Nuclear Industry Sees Its Survival In The Need For Carbon Capture

Nuclear advocates see a vast market for reactors in carbon capture and carbon-based products, not only for the next generation of reactors in development, but also for the aging dinosaurs they evolved from.
“Carbon products represent the potential for an entirely new market for nuclear energy,” said Canon Bryan, the CFO of Terrestrial Energy, which is developing a reactor that uses liquid uranium fluoride fuel.
“Nuclear energy has traditionally been constrained to the province of electric-power generation, and that’s been fine, and maybe a little bit of desalination, but these types of industrial products and industrial generation represent new markets for the next generation of nuclear technologies.”
Among those carbon products is sustainable aviation fuel, currently made mostly from biomass. The nuclear industry would derive the carbon for that fuel instead from smokestacks, likely at cement plants, and eventually, if costs drop sufficiently, from direct-air capture.
Some advocates also see a new market for the existing reactors that are limping toward obsolescence. The Diablo Canyon Nuclear Power Plant in San Luis Obispo, California, for example, is slated to shut down in 2024 and 2025.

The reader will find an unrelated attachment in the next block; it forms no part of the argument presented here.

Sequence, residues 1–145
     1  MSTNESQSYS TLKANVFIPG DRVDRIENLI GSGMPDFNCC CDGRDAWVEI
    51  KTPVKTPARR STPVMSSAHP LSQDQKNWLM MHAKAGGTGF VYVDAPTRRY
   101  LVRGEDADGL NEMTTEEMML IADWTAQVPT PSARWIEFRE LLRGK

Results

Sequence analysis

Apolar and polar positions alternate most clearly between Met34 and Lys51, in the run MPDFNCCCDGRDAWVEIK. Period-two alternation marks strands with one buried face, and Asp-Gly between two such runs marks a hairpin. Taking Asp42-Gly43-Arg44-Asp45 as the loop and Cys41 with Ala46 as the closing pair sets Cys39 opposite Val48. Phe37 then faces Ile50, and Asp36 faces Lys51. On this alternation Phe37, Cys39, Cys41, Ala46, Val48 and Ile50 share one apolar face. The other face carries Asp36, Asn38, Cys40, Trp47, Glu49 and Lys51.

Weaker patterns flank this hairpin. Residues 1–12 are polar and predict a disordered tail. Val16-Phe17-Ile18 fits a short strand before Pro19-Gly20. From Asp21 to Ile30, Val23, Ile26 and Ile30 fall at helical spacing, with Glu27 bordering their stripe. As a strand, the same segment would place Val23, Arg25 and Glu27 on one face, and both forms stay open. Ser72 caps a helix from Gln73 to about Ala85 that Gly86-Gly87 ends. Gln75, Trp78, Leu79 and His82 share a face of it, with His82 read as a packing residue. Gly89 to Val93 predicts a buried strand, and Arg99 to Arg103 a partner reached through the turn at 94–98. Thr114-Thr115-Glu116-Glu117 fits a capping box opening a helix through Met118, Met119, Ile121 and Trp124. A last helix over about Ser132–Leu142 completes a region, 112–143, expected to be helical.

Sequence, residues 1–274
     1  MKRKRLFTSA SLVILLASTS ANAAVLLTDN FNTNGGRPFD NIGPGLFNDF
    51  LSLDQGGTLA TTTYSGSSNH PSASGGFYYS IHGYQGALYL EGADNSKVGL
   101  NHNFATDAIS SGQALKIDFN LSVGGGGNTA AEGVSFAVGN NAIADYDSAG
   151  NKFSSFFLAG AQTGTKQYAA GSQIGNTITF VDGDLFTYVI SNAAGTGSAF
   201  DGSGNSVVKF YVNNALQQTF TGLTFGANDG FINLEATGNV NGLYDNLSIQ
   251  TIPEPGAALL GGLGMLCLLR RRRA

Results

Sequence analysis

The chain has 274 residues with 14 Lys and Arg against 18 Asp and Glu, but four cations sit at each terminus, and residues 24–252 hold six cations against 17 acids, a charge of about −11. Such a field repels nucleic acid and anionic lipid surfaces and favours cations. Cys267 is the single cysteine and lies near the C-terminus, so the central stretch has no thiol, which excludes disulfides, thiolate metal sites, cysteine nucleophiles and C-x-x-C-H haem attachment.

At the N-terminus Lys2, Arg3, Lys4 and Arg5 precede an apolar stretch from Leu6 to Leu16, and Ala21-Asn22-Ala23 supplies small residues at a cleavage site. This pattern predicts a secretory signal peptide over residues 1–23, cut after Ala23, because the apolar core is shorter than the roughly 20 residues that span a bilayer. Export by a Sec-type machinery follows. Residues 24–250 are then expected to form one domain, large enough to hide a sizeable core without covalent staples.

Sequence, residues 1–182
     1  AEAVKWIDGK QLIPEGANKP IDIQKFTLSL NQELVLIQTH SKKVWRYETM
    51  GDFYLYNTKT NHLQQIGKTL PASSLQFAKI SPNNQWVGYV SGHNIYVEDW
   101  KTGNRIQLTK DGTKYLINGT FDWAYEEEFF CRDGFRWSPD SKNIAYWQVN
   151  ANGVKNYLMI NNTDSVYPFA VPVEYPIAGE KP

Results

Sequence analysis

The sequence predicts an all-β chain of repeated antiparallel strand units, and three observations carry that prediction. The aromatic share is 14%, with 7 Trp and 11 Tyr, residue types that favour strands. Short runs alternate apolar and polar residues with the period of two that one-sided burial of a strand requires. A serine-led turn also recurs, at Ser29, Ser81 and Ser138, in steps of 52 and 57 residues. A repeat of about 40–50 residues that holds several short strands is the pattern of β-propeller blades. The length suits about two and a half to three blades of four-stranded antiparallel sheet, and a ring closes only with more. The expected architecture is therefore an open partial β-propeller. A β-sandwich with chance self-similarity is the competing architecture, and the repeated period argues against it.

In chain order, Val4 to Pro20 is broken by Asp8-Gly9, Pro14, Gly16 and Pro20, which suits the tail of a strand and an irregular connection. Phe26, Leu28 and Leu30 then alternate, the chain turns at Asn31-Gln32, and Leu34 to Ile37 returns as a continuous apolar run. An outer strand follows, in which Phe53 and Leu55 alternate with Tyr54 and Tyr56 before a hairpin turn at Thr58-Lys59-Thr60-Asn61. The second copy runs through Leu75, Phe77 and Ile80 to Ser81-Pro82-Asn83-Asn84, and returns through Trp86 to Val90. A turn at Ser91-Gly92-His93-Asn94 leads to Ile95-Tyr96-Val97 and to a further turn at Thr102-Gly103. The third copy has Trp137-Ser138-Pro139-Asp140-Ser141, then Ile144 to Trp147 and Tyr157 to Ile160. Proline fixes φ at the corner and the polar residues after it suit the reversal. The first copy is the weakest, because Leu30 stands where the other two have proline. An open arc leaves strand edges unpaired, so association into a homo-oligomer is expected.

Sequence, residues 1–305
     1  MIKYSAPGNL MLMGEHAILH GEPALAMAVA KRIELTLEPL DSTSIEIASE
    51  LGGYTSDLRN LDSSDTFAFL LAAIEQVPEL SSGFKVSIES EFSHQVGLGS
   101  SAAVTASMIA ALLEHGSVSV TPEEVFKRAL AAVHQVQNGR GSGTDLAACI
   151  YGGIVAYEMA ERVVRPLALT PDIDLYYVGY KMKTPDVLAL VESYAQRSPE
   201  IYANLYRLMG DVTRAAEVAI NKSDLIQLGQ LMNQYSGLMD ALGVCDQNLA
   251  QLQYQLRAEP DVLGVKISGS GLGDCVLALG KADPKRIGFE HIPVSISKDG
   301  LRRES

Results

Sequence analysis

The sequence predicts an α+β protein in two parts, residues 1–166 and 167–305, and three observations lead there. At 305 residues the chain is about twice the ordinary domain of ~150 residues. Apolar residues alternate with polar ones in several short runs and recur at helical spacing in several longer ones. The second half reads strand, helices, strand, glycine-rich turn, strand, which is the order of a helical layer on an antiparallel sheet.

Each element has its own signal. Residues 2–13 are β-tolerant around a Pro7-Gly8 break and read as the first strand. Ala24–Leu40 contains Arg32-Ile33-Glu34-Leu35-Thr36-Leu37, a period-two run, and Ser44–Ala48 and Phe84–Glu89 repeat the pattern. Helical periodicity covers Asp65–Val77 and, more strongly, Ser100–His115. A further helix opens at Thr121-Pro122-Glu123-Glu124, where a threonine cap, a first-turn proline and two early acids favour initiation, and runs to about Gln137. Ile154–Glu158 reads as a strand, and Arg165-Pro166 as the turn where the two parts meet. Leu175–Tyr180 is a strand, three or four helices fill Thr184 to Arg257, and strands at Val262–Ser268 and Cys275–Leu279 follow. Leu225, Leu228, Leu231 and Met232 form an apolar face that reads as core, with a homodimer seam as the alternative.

“If the waste heat from that plant was being combined with electricity production you could be removing 20 million tons per year of carbon from the atmosphere,” said Kirsty Gogan, co-founder of Energy for Humanity, at an EarthX panel on Wednesday.
“Right now what’s happening is these big gigawatt-scale depreciating assets—they’re making baseload, clean, emissions-free power, but we’re just throwing away the heat, right? Those nuclear plants could be more useful, making a big contribution toward that responsibility we all have to go negative.
“We all try to be neutral, but it ain’t good enough. We have to take responsibility for the carbon that’s already in the atmosphere and go negative.”
Nuclear advocates see the heat from advanced reactors not only as a way to capture carbon, but as a way to escape some of the high capital costs that have crippled the nuclear industry in the U.S.
Reactors designed to produce just heat for carbon capture won’t incur the capital cost of the equipment that converts heat into electricity, Bryan said, “both creating a new life for next-generation nuclear and also doing a public service at the same time, and making a profit for everybody involved. So I think it’s a benevolent cycle, potentially.”
Modular reactors may also be cheaper, Gogan said, because they can be manufactured in factories on a standard model:
“If you move away from the sort of low-productivity construction approach to a high-productivity manufacturing environment—standardized products, designed for manufacture and assembly, designed for reuse so you don’t redesign your product every time, very high productivity manufacturing and delivery—you end up with really short construction schedules, a lot of certainty around budget and schedule and ultimately optimized outcomes, as you’d expect to see with any standardized manufactured product.”
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